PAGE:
Q-Flex class LNG carriers fit the expanded Panama Canal


Expanded Panama Canal commemorates a milestone transit by a Q-Flex vessel, the world’s second largest LNG tanker class

The Panama Canal yesterday welcomed Qatargas’ Al Safliya, the first Q-Flex and the largest liquefied natural gas (LNG) tanker to ever transit the waterway.

The tanker–which measures 315 meters in length and 50 meters in beam with an overall cargo capacity of 210,000 meters3 of LNG–transited northbound from the Pacific to the Atlantic Ocean.

Qatargas’ Al Safliya Transiting the Expanded Canal on May 12: Panama Canal Authority.


“This transit reaffirms the Expanded Canal’s ability to reshape world trade and offer customers the benefits of economies of scale,” said Panama Canal Administrator Jorge L. Quijano.

Q-Flex LNG tankers can now pass through the Panama Canal following an increase in the maximum allowable beam for vessels transiting the Neopanamax locks.

Implemented in June 2018, the maximum beam allowed is 51.25 meters, up from 49 meters, as measured at the outer surface of a vessel’s shell plate and all protruding structures below the lock walls. Such an increase was made possible as a result of the efficiencies gained by the Panama Canal’s continued investment into its operations and resources, and due to the ongoing excellence and experience of its employees.

The Expanded Canal delivers environmental benefits as a result of its ability to help vessels shorten the distance and duration of their trips compared to alternate routes.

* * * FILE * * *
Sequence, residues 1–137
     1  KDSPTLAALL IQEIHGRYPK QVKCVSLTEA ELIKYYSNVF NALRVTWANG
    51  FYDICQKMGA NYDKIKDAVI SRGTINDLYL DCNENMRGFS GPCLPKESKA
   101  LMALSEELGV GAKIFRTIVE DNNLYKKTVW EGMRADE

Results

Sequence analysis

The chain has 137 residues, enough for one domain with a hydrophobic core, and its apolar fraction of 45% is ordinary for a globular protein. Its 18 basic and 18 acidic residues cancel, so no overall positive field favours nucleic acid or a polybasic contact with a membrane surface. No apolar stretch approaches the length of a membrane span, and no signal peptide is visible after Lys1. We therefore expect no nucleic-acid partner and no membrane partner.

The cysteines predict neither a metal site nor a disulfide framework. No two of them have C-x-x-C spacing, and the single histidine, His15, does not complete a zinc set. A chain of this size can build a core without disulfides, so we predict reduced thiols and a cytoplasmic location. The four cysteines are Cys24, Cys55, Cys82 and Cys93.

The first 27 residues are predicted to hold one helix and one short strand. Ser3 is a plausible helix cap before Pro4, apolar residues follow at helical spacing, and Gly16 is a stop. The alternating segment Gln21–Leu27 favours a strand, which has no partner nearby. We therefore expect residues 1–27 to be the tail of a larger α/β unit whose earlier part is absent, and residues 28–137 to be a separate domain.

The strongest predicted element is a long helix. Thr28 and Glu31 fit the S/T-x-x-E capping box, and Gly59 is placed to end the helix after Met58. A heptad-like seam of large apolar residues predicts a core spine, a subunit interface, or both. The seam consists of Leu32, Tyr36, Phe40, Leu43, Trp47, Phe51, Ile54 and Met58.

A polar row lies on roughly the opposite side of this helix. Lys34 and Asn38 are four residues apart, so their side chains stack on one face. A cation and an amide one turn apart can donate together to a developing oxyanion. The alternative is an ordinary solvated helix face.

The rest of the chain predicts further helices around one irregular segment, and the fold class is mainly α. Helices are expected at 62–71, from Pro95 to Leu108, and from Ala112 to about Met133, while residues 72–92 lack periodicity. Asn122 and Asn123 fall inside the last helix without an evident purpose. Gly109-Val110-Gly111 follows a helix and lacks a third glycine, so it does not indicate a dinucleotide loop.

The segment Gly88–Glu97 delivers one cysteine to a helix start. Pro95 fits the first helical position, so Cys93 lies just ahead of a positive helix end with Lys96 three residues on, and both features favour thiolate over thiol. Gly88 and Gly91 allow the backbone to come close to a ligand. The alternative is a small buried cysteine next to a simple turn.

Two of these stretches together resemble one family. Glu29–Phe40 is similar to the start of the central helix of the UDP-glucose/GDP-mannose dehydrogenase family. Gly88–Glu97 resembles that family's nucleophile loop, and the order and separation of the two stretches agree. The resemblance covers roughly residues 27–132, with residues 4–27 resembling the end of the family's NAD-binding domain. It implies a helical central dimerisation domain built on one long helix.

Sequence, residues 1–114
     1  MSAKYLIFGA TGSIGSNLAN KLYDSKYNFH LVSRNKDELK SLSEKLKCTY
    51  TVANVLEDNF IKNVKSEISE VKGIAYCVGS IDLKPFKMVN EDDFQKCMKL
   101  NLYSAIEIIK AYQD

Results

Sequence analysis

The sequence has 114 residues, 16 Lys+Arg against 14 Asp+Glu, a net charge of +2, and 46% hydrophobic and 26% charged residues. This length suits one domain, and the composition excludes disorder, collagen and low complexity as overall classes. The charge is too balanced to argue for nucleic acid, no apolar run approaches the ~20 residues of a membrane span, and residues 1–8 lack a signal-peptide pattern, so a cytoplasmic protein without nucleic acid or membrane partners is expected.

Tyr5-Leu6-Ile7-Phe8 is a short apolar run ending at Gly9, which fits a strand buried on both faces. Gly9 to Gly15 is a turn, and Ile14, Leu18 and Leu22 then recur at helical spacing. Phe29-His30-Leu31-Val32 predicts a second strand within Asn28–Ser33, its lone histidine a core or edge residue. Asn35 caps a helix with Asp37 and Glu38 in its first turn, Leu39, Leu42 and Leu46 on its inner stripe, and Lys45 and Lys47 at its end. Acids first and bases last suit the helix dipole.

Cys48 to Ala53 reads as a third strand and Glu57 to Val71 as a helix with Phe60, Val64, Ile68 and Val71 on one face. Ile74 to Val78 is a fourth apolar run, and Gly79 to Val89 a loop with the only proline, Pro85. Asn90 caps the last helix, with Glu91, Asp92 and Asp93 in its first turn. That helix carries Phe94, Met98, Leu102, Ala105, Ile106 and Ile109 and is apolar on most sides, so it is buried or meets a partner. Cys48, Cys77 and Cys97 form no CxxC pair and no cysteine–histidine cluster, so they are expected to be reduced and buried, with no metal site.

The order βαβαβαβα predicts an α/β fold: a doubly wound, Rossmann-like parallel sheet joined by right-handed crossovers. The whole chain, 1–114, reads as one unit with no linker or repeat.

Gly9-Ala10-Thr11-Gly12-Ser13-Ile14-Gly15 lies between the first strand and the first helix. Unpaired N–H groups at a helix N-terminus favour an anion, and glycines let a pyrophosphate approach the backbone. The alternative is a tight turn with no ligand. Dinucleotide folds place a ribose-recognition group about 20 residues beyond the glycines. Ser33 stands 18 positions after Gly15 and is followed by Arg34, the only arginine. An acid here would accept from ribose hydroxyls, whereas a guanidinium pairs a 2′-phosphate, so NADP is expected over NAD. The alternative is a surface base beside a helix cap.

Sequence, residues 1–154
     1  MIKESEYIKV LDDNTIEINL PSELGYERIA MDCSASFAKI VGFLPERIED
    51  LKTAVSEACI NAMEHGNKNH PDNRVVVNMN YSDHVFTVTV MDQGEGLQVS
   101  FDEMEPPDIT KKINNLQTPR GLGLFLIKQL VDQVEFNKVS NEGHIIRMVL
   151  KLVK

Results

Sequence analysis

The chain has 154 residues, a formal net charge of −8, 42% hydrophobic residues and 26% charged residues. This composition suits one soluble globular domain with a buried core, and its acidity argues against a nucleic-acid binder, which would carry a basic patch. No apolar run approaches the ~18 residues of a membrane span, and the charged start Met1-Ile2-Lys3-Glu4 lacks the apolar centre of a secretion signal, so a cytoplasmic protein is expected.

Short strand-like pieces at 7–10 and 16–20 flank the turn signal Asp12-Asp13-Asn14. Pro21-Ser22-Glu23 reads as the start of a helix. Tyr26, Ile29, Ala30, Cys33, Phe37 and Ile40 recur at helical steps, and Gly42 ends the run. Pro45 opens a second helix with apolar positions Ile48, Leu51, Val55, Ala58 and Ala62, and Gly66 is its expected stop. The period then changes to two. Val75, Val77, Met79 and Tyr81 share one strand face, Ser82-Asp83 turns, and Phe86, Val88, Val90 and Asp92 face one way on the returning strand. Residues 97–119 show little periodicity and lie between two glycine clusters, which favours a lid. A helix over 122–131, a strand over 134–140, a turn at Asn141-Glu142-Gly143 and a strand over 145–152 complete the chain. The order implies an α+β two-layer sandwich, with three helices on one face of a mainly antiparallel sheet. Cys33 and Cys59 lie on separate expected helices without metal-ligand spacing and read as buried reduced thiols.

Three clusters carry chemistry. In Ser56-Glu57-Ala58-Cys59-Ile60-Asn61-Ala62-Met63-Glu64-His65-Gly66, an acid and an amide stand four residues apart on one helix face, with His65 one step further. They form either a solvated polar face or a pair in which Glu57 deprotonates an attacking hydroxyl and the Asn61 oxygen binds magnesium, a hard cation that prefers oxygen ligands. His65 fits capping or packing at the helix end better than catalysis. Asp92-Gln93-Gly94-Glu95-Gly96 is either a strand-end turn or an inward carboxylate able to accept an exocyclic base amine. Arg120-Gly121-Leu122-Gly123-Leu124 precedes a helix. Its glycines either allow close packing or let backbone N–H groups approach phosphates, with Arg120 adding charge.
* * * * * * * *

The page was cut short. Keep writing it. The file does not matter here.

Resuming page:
In combination with Al Safliya’s Q-Flex class design, which allows for the 40% reduction of emissions in comparison to other gas carriers, the Panama Canal and Qatargas saved nearly 10,000 tons of CO2 emissions compared to alternative routes, directly reducing of global emissions.

The Panama Canal is expecting to see further growth in its LNG transits following the new beam increase. In 2018, the Canal saw 340 LNG transits, up from 181 transits in 2017. So far in 2019, the Canal has seen over 100 LNG transits.

In April the Expanded Canal celebrated its 6,000th Neopanamax vessel to transit, a milestone marked by another LNG tanker, Energy Liberty, on April 23.

From Oil & Gas 360

The canal’s 6,000 Neopanamax ship, the Energy Liberty, transported LNG from the Cove Point LNG Terminal in Maryland to Japan. This is the Energy Liberty’s sixth transit through the waterway since its inauguration in 2016.

Constructed in 2018, the vessel has a cargo capacity of 165,000 m3 and measures 300 meters in length and 49 meters in beam.

The canal authority said cargoes of the 6,000 Neopanamax vessels that had transited to date (April 2019) consist of:

  • more than 50 percent have been from the container segment,
  • liquefied petroleum gas (LPG) vessels constitute another 26 percent,
  • LNG vessels make up 11 percent and
  • dry and liquid bulk carriers, car carriers and cruise ships make up the remaining transits.


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